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This collection brings together 12 of the finest short stories of prominent American feminist author Charlotte Perkins Gilman. "The Yellow Wallpaper", Gilman's best-known work, was first published in 1892 and represents an important examination of 19th-century attitudes toward women's physical and mental health. Written as a collection of journal entries by a woman whose physician husband has confined her to her bedroom, the story depicts the narrator's descent into psychosis as her confinement gradually erodes her sanity.
4.1 out of 5 stars(1576 Reviews)
The outcast youth Ishmael, succumbing to wanderlust during a dreary New England autumn, signs up for passage aboard a whaling ship. The Pequod sails under the command of the one-legged Captain Ahab, who has set himself on a monomaniacal quest to capture the cunning white whale that robbed him of his leg: Moby-Dick. Capturing life on the sea with robust realism, Melville details the adventures of the colorful crew aboard the ship as Ahab pursues his crusade of revenge, heedless of all cost.
Melville's Great American Novel draws on both Biblical and Shakespearean myths. Captain Ahab is "a grand, ungodly, god-like man … above the common" whose pursuit of the great white whale is a fable about obsession and over-reaching. Just as Macbeth and Lear subvert the natural order of things, Ahab takes on Nature in his determination to kill his prey – and his hubristic quest is doomed from the start.
The Catcher in the Rye Audiobook
Lisa Genova – Still Alice Audiobook
The Weird Sisters, by Eleanor Brown
Inspired by: Macbeth. Not so much a retelling of Shakespeare as a strange celebration of his work, in the context of a smart family dealing with tragedy. Brown’s characters will make you understand why some people are still more than happy to bend your ear endlessly about how fantastic Shakespeare’s plays really are. She takes plenty of bits and pieces of Macbeth for her story of three sisters crashing back into each other when they return home to deal with the illness of their mother (a Shakespeare scholar). You” come away with a love for her characters and a burning desire to read the Bard.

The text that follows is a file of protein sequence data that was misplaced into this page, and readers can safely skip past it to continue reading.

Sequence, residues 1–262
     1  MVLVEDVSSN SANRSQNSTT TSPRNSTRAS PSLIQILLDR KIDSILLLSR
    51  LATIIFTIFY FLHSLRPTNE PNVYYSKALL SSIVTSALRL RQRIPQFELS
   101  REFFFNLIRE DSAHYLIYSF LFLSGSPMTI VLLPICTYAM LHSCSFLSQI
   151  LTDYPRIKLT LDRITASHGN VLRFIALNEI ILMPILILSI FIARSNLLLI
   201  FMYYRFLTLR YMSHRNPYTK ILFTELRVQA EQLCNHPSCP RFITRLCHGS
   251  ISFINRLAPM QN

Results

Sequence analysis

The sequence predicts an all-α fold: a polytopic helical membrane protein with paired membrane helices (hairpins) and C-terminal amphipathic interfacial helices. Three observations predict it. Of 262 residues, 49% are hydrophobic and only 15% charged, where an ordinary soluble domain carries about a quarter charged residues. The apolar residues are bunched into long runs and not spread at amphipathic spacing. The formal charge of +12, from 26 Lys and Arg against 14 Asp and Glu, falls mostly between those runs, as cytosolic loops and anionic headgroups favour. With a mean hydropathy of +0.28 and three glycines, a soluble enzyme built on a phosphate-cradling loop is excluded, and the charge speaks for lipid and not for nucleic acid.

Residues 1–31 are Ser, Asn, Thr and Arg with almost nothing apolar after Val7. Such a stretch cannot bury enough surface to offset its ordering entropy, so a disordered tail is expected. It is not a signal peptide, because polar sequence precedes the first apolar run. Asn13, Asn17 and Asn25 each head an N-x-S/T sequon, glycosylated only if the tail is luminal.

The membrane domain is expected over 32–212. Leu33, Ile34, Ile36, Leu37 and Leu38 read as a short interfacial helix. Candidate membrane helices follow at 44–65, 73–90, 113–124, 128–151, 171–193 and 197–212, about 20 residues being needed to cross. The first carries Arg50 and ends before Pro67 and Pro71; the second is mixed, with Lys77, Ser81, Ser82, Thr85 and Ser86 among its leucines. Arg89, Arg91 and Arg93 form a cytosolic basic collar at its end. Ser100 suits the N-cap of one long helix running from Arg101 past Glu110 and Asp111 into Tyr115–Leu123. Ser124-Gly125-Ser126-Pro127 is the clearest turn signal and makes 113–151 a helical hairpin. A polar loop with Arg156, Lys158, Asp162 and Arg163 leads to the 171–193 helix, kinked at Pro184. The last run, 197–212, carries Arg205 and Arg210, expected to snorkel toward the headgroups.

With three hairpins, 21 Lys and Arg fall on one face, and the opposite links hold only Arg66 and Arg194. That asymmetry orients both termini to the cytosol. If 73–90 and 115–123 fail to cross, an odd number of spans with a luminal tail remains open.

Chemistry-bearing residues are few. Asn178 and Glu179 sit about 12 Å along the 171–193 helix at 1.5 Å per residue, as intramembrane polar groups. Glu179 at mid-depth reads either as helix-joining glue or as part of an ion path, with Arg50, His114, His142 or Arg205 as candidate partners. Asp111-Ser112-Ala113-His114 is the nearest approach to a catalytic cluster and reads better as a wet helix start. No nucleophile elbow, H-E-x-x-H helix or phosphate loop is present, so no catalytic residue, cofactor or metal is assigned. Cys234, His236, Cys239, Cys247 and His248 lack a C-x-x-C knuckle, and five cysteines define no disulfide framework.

Read by Karen Peakes - a special recording for The Folger Shakespeare's Macbeth by the Folger Theatre
In 1603, James VI of Scotland ascended the English throne, becoming James I of England. London was alive with an interest in all things Scottish, and Shakespeare turned to Scottish history for material. He found a spectacle of violence and stories of traitors advised by witches and wizards, echoing James’s belief in a connection between treason and witchcraft.
In depicting a man who murders to become king, Macbeth teases us with huge questions. Is Macbeth tempted by fate, or by his or his wife’s ambition? Why does their success turn to ashes?
Like other plays, Macbeth speaks to each generation. Its story was once seen as that of a hero who commits an evil act and pays an enormous price. Recently, it has been applied to nations that overreach themselves and to modern alienation. The line is blurred between Macbeth’s evil and his opponents’ good, and there are new attitudes toward both witchcraft and gender.
Macbeth makes clear that ambition drives his actions, stating as early as Act 1 that his sense of ambition is “vaulting”:
"I have no spur
To prick the sides only
Vaulting ambition, which oerleaps itself
And falls on the other."
(Act 1, Scene 7)
Shakespeare does not let Macbeth get off too lightly. Before long, he is plagued with guilt: Macbeth starts hallucinating; he sees the ghost of murdered Banquo, and he hears voices:
"Methought I heard a voice cry 'Sleep no more!
Macbeth does murder sleep.'"
(Act 2, Scene 1)
Macbeth also hallucinates the murder weapons, creating one of the play’s most famous quotes:
"Is this a dagger which I see before me,
The handle toward my hand?"
(Act 2, Scene 1)
In the same act, Ross, Macduff's cousin, sees right through Macbeth's unbridled ambition and predicts where it will lead: to Macbeth becoming king.
"'Gainst nature still!
Thriftless ambition, that will ravin up
Thine own lives' means! Then 'tis most like
The sovereignty will fall upon Macbeth."
(Act 2, Scene 4)
In this speech, Macbeth realizes that time ticks on regardless and that his actions will be lost to time:
"Tomorrow and tomorrow and tomorrow
Creeps in this petty pace from day to day
To the last syllable of recorded time
And all our yesterdays have lighted fools
The way to dusty death."
(Act 5, Scene 5)
Macbeth seems to realize in this speech the cost of his unchecked ambition. But it is too late: There is no reversing the consequences of his evil opportunism.
Jamieson, Lee. "Famous Quotes From 'Macbeth'." ThoughtCo, Oct. 29, 2020, thoughtco.com/macbeth-ambition-quotes-2985024.
"Fair is foul, and foul is fair:
Hover through the fog and filthy air."
(Act I, Scene 1)
The Tragedy of Macbeth opens with an eerie, supernatural scene. Amidst thunder and lightening, three witches moan into the wind. They tell us that nothing is as it seems. What's good ("fair") is evil ("foul"). What's evil is good. Everything is strangely reversed.